Little Mike (oz3795)

 

Little Mike (oz3795) by Ed Lidgard 1949 - plan thumbnail

About this Plan

Little Mike. Simple all sheet rubber model, a plan that appeared in the 1949 book 'Model Aeronautics' by Bill Dean and Ron Warring.

Update 11/08/2020: Added article, thanks to Mary from RCL pages at https://rclibrary.co.uk/title_details.asp?ID=1030

Quote: "GETTING tired of merely being a spectator while my husband had all the fun of flying models, I finally induced Ed to work out a design for a sport plane which I could build and fly myself. Little Mike is the result.

Since I had built only a few models, the design was of necessity simple, utilising the minimum number of parts so as to be easy to build. Ed's finished plans were in the form of patterns, in which each part could be seen in its completed size and shape.

Sheet balsa is mainly used in the construction of Little Mike. This is a good idea with small models on account of the high strength to weight ratio and general durability. Building time is just two evenings. The original performs equally well indoors and outdoors - having over three hundred flights to its credit to date.

If this model appeals to you, lets get started by working on the fuselage. First cut out the two fuselage sides from 1/32 (medium) sheet. Then cut the formers from sheet as specified on the plan. Bend the undercarriage to shape from 22-gauge piano wire and cement it to the main former C. Cement formers A and D between the fusehige sides and allow them to dry thoroughly before carrying on.

While these parts are drying, cut out the two halves of the wing from hard 1/32 sheet (or medium 1/16) and the tail surfaces from 1/32 sheet (medium). Sand these parts smooth and round off the corners.

Now go back to the fuselage and separate the two fuselage sides enough to insert former C and cement it in place. The fuslage is completed by cementing 1/16 strip crosswise in the slots already cut in the fuselage sides. When these are dry, trim flush with the sides.

Cement former B to the roughly-shaped nose block. Drill the block with a 1/16 in drill or pierce with a length of wire (neutral settings). Cement the male portion of a 1/4 in press stud at each end or the hole - to serve as bearings. When the cement has set, insert the block into the front of the fuselage. Hold the block in place and gradually trim it down to the shape shown on the opposite page.

The airscrew is carved from a block of medium balsa as shown. Lay out the length of the block in 1-1/2 in portions and then draw the pattern on the sides (heavy lines on plan). Drill or pierce before starting to carve. Use a small thin-bladed knife for carving. Finish off to a smooth surface with fine glasspaper, cement a press stud to the rear face of the air-screw as a bearing.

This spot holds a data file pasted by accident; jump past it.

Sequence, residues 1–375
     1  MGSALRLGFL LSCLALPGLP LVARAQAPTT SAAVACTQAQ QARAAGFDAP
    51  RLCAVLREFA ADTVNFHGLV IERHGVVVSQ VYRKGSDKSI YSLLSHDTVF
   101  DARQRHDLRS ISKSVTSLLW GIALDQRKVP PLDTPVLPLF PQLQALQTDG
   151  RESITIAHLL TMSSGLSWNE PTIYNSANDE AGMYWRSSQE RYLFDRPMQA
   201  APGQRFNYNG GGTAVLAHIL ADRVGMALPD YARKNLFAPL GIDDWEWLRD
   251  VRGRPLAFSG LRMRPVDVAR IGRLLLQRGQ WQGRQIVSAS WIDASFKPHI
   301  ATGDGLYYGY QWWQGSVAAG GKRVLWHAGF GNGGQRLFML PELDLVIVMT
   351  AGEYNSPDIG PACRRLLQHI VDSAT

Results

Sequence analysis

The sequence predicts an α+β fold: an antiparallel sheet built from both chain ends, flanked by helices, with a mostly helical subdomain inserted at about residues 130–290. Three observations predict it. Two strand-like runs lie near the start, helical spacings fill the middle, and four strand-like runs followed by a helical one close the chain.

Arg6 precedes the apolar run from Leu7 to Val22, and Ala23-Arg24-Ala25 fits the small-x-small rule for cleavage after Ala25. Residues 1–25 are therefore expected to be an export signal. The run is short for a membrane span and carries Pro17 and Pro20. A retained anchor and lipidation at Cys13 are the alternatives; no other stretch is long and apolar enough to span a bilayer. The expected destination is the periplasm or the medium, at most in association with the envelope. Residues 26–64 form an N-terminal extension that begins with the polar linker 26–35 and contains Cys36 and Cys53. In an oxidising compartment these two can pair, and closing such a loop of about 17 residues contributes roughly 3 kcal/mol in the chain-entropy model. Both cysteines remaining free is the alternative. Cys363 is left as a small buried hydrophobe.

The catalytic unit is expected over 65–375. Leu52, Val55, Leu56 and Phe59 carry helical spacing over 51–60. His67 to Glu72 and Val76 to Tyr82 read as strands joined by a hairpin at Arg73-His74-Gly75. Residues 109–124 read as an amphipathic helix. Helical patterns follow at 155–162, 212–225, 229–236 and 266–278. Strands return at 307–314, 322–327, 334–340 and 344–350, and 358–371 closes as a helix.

Bend the shaft from a piece of 22-gauge wire - starting from the front winding loop. Cement into the airscrew, slip three small washers on to the shaft, followed by the nose-block. Complete the assembly by bending the loop to which the rubber is attached.

The wing panels can be formed to an airfoil shape by dampening the upper camber with water and the lower camber with dope. Be careful not to moisten the area 1/2 in back from the LE and 3/4 in forward from the TE. When the dope has dried to a point where it is no longer wet to the touch, the wing panel can be shaped by hand to the desired curvature. Experiment with this method on a piece of scrap wood first.

When the curve has been obtained in both wing panels, they should be cemented together so that both tips are raised. Allow this joint to dry thoroughly before moving from the building board. The tail assembly is attached to the fuselage after the rudder has been cemented to the tailplane. The under rudder can now be cemented to the underside of the elevator and both the fuselage sides. Fill in the small wedge-shaped openings with scrap pieces of 1/32 balsa. Cement the wing permanently in place on top of the fuselage. When dry, a thin sheet of cellophane may be cemented to the fuselage, to form the windshield.

Cover the top and bottom of the fuselage with tissue. Tighten with water - then give two coats of dope. The wheels (1-in. dia) may be any type available as your local dealers. Hold the wheels in place with dabs of cement on the ends of the undercarriage wire, The durability of the model will be improved by spraying lightly with very thin coloured dope.

FLYING: Four or six strands of 1/8 in rubber is adequate. Your motor will last longer and take more turns if it is well lubricated.

Before flying the model, check to make sure that the flying surfaces are correctly aligned and unwarped. Also see that the airscrew shaft is parallel to the centre line of the fuselage. Before using power, glide the model from shoulder height. If it stalls, add a little weight to the nose. If it dives, add a very small amount of weight to the tail.

After a smooth glide has been obtained, wind the airscrew up about 50 turns and launch the model in level flight at shoulder level. Add a small amount of right turn to the rudder so that the model makes a circle or about 30 feet in diameter. Increase the number of turns progressively, ruling slight adjustments in balance and rudder turn, to eliminate undesirable staik dives and spins.

When maximum turns are approached, it may be round that the model tends to stall slightly. If this occurs, add 1/32 packing between the top front of the fuselage and the nose block to incline the thrust tine downwards. A good quality motor, well lubricated, will take about 300 turns.

Here's hoping that Little Mike will give you many pleasant hours flying."

Supplementary file notes

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Little Mike (oz3795) by Ed Lidgard 1949 - model pic

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Scaling

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